PASADENA, Calif. — Actor Paul Wesley was often in trouble when he was a teenager. In fact, he was booted out of two high schools in New Jersey, where he grew up. “I was a little bit of a troublemaker, not in a malicious way,” he says, easing his lean body into an overstuffed chair in a hotel room here.
“But I’m glad. I’m glad I didn’t conform to the system of the school. I’m a law-abiding citizen now. I haven’t brought it to the soundstage,” he grins.
The first altercation happened at a private Catholic boys’ school. “It was with a bunch of jock-y, racist kids. I thought, ‘This is an expensive school. My parents paid a lot of money.’ And I got into a fight EVERY day. It was just like this weird atmosphere.
“And they finally kicked me out, and I was really depressed about it. And then later it dawned upon me that, thank God, I didn’t fit in with those kids because I don’t want to be anything like those kids. So that’s when I realized it was OK to sort of do my own thing. That’s kind of like when I found a safe haven in acting. I think it may have been a catalyst.”
Wesley did earn his degree, but schooling was always secondary to his acting career which materialized when he was 16. “I got forced to do a school play when I was in the third grade because we all had to, it was by default. And I was miserable and embarrassed that I had to do it. They put me in a “Phantom” mask, and I was miserable at first. But then I kind of fell in love with it and ended up being, I guess, according to the teacher, pretty good at it,” he says.
That teacher cast him in every play at elementary school. “No matter how academic I was, no matter how much my father stressed studies, I always gravitated toward the arts because to me — you can read as many textbooks as you like — but to me life is about observing people and understanding things and nature. And art to me captures all that. It’s just invaluable and I can’t imagine doing anything else.”
Though he’s been an employable actor since his voice changed, intense attention focused on him when Wesley was cast as Stefan, the good vampire brother on the CW’s “The Vampire Diaries.” Like everything else in his career it was tough landing the job, but Wesley wasn’t about to give up.
“I had to really fight for it because ... they were being pretty meticulous about the actor. They didn’t know if they wanted to go with someone 17 or someone in his 20s. ‘What do we need to do because we have to get that worldly thing where the person’s been alive for 160 years but yet maintain innocence.’ Understandably it was difficult.”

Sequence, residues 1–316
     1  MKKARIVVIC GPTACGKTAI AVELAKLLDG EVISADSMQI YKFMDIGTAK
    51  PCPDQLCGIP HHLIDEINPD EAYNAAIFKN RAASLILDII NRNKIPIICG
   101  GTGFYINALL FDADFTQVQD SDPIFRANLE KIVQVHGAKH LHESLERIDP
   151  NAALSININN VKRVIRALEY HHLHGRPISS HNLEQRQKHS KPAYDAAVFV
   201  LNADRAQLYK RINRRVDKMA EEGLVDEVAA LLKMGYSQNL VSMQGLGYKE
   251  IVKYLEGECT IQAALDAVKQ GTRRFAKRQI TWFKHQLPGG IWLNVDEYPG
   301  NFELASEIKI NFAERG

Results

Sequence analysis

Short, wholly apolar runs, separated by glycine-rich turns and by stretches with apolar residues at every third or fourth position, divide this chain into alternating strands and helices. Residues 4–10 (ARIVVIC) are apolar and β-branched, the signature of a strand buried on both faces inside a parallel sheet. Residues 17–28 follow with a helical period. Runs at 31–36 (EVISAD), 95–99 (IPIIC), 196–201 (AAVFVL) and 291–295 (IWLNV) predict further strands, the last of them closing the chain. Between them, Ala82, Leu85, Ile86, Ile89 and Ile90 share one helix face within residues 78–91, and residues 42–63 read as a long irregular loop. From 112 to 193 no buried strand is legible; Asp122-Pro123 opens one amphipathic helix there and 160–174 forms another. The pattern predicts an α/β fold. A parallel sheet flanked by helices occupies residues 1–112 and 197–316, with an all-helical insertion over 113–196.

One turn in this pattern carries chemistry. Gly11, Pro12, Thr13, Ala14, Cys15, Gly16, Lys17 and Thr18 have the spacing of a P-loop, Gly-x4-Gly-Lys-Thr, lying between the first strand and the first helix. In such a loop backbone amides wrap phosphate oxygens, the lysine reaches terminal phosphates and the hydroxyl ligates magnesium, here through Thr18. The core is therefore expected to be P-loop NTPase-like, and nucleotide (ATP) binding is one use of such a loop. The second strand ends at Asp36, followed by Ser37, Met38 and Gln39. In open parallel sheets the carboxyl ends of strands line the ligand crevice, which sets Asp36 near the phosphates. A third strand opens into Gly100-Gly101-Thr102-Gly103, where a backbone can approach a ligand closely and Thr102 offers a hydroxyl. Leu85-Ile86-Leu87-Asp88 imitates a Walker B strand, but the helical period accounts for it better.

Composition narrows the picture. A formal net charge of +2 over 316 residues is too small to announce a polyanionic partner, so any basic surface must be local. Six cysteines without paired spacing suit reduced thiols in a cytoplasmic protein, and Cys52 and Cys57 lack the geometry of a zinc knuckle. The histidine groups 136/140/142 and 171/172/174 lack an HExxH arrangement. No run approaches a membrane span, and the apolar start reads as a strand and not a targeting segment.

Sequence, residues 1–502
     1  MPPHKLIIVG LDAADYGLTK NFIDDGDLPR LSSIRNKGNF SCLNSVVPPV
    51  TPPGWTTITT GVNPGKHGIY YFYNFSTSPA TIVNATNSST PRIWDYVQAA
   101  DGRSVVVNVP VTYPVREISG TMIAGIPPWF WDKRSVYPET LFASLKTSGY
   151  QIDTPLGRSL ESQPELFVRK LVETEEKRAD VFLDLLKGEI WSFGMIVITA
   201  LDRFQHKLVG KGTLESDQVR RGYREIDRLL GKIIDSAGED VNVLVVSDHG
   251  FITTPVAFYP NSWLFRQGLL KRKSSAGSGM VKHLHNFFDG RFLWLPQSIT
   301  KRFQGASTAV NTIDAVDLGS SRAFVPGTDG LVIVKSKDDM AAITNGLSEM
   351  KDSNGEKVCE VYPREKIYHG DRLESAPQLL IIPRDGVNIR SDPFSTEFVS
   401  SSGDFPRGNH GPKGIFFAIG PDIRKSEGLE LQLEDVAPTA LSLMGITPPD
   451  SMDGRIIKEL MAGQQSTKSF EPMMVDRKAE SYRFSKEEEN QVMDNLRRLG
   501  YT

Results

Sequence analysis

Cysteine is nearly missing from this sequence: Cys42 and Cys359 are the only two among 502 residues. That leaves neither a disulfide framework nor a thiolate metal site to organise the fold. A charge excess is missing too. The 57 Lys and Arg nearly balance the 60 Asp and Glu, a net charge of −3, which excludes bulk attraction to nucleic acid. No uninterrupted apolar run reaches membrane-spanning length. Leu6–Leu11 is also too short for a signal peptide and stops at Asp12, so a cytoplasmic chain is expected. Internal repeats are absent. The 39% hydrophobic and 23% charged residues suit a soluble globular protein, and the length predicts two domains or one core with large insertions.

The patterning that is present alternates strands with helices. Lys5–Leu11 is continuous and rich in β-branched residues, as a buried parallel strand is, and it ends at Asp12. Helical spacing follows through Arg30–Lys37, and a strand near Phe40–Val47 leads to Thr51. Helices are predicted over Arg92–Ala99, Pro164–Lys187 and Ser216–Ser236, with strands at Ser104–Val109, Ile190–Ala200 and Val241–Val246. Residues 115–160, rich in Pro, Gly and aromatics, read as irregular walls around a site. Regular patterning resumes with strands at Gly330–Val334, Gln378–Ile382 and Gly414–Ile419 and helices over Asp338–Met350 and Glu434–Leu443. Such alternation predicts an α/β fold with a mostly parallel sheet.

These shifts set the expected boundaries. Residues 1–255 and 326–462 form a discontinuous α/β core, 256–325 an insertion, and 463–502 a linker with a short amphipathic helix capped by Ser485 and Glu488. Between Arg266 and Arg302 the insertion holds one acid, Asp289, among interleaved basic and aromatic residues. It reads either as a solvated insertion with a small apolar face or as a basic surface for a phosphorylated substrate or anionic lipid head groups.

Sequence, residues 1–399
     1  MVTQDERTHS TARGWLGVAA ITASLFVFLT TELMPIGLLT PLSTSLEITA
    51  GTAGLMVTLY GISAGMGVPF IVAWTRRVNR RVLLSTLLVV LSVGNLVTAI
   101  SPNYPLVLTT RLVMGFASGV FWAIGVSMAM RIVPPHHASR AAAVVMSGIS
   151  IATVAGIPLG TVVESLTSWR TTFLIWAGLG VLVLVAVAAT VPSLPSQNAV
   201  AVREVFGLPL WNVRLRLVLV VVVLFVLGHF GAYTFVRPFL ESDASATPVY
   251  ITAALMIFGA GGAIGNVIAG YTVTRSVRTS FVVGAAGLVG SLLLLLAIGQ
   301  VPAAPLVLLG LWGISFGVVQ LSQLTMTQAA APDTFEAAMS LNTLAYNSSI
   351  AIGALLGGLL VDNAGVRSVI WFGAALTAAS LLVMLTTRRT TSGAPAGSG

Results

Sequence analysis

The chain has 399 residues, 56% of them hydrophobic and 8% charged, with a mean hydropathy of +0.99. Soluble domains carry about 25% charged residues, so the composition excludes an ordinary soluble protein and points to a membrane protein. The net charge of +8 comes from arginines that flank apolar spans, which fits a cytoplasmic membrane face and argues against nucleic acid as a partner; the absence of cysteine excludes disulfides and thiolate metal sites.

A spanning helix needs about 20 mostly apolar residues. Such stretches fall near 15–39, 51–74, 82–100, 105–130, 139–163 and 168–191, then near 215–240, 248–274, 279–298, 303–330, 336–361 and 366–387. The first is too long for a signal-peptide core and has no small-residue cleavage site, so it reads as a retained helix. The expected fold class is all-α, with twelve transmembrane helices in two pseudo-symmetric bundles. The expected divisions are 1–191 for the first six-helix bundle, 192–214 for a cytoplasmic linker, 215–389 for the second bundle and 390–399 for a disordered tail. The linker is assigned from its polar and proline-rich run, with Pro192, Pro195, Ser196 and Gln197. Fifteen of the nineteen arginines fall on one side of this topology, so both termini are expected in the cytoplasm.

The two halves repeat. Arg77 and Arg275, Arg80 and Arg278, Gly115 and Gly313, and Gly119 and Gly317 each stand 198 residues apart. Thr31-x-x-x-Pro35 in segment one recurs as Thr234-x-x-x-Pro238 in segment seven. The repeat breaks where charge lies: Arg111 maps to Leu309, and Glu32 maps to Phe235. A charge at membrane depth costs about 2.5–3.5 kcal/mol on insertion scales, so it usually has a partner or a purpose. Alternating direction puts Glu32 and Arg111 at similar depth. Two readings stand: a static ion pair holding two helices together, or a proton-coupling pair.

He kept reading for the role of Damon, the bad vampire brother. “And they decided no on that. When I initially read the script, it was Stefan, but they didn’t see me as Stefan. Then after casting Ian (Somerhalder) as Damon, I think they thought this could work.”
The casting people had seen hundreds of possible Stefans by the time Wesley forged his last try.
“I finally went in after reading a bunch of times and it was literally me and nine other guys — a couple from Australia, a couple from London and some from New York. And a week later I was on the set filming. But it was way worth it, I’ll tell you that much. It’s the greatest part I’ve ever played. It’s a little more fun to play the villain, but this is the most challenging thing I’ve ever done and the thing I’ve fallen in love with the most.”
Shooting in Atlanta doesn’t give Wesley much time with his family here and his relatives in Poland. He lived there part of his childhood and still speaks fluent Polish. “I used to spend four months out of every single year there until I was 16 years old,” he says.
Work leaves no time for romance, either. In fact, he says, “I don’t have a personal life. I’m not complaining, but I literally don’t have a personal life. Let me put it this way: When I wasn’t on this show and I had a lot of personal life, I was much more miserable. So let’s just leave it at that,” he throws back his head and laughs.
Snagging a juicy part at 27 seems inordinately lucky. But Wesley hasn’t always been so fortunate. “I went through a period of my life, I remember at one point I tested for 30 pilots in a row and didn’t get any ... Getting rejected that many times when you’re that close to something can be very wearing. So it’s not all floating, feeling, feathers and happiness. I don’t care if you’re an A-list movie star there’s going to be things you’re going to fight for and you don’t get. But that’s life. You don’t just sit there and dwell on it and feel bad for yourself, you’ve just got to keep going.”
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